Thursday, October 13, 2005

Rant on Writing

This diatribe was originally foisted upon a class of unmotivated and nearly illiterate university students. It was my job to attempt to teach them something about Unix and Linux, while also demanding, as a matter of school policy, that they upgrade their largely nonexistent writing skills.

If you write well, you will be able to do many things in life. If you cannot, you will find yourself correspondingly limited.

Therefore, writing well matters a great deal to me from both ends of the communications spectrum. I make an effort to write my best even in rapid-fire email exchanges.

Language is the primary tool of human thought. It is invariably true that a person who cannot write or speak effectively also cannot think clearly. Excuses such as "I'm a numbers guy," or "I'm a programmer, not an English professor," merely manifest the speaker's desire to beg off the issue, and to mask fundamental intellectual shortcomings. In contrast, many of the most brilliant technical minds have been superlative writers. Donald Knuth, Douglas Hoffstadter, Richard M. Stallman, and Eric Raymond are just four that readily come to mind.

I refuse myself the luxury of such laziness, and wish that others who desire to communicate with me in writing would make the same effort to express themselves clearly in the full range of their writing, whatever form that might take.

Guidelines on Formatting in Plain Text

A great deal in the way of formatting can be
accomplished in plain text, even without markup. My
email messages always follow the principles I've
learned over the years.

joe> This is a quote of a message from Joe Blow,
joe> which is neatly indented with citation software.

sue> Persons who insist on using braindead tools will
sue> produce work that looks like it was written by
sue> braindead authors. Your work can be only as good
sue> as the tools you use will allow you to be.

Set a narrow margin width. My practice is to wrap
paragraphs at 55 characters in email, and 60, 65, or 70
characters for other things, depending on what it is.
Narrow columns of text are much easier to read than
wide ones, and easier to quote in email as well.

Here are some other tips:

o *Do* use line breaks. No one likes to read email or
anything else where the lines extend forever.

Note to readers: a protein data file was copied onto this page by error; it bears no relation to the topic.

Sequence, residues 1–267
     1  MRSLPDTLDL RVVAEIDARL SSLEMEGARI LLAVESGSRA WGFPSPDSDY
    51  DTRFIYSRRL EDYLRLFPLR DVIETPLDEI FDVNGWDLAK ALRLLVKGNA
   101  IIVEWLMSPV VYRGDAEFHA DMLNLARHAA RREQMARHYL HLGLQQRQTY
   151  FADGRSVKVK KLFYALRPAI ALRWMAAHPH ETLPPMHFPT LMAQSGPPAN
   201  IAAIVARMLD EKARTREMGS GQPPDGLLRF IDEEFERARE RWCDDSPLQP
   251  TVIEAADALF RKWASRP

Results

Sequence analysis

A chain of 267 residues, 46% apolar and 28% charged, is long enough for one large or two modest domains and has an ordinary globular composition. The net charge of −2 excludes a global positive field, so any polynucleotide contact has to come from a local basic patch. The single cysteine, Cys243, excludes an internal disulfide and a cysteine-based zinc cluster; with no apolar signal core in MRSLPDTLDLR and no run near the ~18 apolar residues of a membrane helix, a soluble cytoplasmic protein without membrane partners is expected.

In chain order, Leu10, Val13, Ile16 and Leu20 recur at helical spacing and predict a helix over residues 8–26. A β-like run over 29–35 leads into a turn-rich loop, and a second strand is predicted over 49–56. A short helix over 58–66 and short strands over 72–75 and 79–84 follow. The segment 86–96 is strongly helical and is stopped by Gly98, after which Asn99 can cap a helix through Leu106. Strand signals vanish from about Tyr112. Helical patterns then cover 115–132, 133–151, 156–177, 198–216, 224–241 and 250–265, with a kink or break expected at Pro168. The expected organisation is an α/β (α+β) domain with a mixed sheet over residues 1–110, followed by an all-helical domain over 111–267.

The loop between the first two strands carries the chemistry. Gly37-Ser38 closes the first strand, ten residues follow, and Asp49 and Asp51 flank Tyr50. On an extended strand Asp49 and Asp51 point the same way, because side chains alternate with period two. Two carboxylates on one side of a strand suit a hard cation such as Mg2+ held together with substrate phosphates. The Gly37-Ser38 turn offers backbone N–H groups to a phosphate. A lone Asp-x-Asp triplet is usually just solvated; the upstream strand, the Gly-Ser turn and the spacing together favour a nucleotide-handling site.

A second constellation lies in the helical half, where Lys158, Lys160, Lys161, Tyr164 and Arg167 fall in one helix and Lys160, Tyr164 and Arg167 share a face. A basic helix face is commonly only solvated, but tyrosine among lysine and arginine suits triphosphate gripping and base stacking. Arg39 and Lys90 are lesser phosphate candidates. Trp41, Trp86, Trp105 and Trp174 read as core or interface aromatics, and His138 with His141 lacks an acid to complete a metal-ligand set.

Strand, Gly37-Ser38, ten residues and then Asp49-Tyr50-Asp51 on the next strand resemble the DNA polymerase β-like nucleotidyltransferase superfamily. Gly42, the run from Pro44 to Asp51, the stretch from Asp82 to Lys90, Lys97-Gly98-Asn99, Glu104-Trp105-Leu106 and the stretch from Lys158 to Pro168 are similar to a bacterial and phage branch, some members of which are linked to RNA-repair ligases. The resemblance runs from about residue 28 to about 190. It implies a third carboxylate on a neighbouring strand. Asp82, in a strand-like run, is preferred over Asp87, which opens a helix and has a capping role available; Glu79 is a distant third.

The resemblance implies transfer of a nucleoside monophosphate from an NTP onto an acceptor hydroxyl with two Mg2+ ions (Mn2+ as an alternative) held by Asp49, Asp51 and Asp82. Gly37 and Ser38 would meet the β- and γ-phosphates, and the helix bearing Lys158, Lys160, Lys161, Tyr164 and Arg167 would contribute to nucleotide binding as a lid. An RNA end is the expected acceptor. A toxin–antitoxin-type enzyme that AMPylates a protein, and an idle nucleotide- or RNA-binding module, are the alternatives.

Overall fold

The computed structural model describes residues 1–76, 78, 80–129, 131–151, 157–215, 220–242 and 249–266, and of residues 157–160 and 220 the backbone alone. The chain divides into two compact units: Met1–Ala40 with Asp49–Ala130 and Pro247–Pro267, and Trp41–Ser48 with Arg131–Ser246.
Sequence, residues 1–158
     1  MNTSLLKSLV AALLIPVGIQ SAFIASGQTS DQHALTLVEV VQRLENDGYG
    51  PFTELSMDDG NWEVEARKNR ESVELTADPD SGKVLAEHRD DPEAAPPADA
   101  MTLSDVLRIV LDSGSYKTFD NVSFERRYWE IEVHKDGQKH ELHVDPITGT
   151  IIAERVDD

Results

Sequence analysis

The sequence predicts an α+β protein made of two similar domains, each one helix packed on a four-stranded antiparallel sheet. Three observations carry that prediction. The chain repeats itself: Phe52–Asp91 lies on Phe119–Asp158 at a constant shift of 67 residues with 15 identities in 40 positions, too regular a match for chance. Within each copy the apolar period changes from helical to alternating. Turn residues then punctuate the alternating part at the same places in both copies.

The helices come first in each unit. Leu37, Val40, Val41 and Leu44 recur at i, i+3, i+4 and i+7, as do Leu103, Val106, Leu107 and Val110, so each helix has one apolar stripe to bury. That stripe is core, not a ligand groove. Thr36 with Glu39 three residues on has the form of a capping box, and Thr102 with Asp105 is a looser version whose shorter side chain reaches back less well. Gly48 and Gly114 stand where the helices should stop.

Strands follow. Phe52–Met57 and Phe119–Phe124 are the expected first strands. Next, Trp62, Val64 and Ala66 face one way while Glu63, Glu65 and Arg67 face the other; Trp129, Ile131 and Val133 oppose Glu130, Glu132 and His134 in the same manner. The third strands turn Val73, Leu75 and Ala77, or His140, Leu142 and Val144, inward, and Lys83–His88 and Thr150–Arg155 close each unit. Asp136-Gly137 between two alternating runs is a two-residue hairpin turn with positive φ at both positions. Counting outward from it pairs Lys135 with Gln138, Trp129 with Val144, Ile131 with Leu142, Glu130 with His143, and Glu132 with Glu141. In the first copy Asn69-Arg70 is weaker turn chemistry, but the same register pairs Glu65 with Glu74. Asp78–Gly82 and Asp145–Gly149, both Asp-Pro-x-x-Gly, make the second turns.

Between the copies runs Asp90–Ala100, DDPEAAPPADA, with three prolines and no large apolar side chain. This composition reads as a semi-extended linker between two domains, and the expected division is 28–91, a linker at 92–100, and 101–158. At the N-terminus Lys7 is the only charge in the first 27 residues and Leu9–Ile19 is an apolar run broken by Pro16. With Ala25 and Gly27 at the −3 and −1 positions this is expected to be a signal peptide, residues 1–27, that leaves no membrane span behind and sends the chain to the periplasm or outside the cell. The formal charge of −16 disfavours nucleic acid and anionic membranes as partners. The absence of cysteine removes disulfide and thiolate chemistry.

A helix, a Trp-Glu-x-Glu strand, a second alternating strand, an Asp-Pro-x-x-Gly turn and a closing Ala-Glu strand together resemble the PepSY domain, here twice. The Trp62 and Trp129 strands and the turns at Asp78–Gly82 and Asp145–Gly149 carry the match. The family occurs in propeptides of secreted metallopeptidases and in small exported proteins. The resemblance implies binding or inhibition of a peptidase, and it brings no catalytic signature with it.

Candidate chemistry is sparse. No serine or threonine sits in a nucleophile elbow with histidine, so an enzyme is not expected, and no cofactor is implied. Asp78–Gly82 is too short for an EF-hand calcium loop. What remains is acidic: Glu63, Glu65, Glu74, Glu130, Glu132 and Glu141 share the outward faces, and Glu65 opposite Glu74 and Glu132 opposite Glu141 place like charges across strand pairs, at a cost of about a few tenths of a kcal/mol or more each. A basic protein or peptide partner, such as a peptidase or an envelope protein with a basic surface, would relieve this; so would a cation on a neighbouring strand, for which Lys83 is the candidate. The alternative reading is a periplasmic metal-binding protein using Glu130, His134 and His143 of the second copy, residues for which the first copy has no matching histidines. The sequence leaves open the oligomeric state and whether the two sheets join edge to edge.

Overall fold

o Put blank lines between paragraphs.

o Bullet lists can be created to look like this one,
using an "o" character to represent the bullet.
Notice how second and following lines indent.

- Bullet lists can even be nested.

- You can choose another character such as a minus
sign for the bullet in sublists.

o Emphasis (normally indicated by *italics*), can be
emulated by putting text between *asterisks*.

o When sending email, always turn off HTML unless it is
needed for some special purpose. HTML email is
*evil.* It's usually ugly, it's hard to quote, and it
is loaded with security holes. Many recipients *hate*
HTML email (including me), and many mail lists ban

A Centered Main Title

Main titles can be centered and indicated as primary
points with an equal sign underline.

Subheadings Are Underlined

A subheading can look like the one that precedes this
paragraph. If you have something you would like to
quote, it can be indented.

Any Web developer who is unconcerned about browser
compatibility should be shot. -- Dwight Newton[1]

[1] My brother. Because there is no bottom of the page
in this type text, my custom is usually to put a
footnote immediately after the paragraph where
it appears.

Sometimes we have need for hanging paragraphs, as in a
glossary list:

SHELL The SHELL variable usually is set to the name of
your login shell.

TERM The TERM variable is set to the type of
terminal you are using. In a graphics environment
it is often set to xterm, but on real character
terminals is it often vt100.

HOME The HOME variable is set to your login
directory. Therefore, when you execute a command
such as:

ls -l $HOME

it shows the files in that directory regardless of
what your current directory is.

Finally, tables can generally be created without too
much trouble, and in most cases look just fine.[2]

Sun Mon Tue Wed Thu Fri Sat
YY YY NN YY [55.82]
NN YY YY YY YY YY NN [21.83]
YY YY YY YY YY NN YY [47.30] Sun Mon Tue Wed Thu Fri Sat
YY 20 21 22 23 24 25 {35} 10 2w 5 10k 5 2 5
26 27 28 29 30 31 {52} R 40 2w 3 5 2 DA

nn:KK mm.dd h:mm:ss.dd mm:ss.dd mm.dd comments
----- ----- ---------- -------- ----- --------
01: 5.02 0:52:23.00 10:26.11 37.82 22
02:WQ 3.08 0:42:07.41 13:39.95 30.86 22; w48
04:Q 34.96 7:06:39.00 12:12.17 55.82 22
06:E 2.03 0:28:05.87 13:52.29 52.04 22; w15
07: 3.08 0:31:12.00 10:07.32 22; w20
08:W 4.05 0:54:10.89 13:22.46 47.20 22

[2] Of course, this is all much easier to do with an
editor like Emacs!

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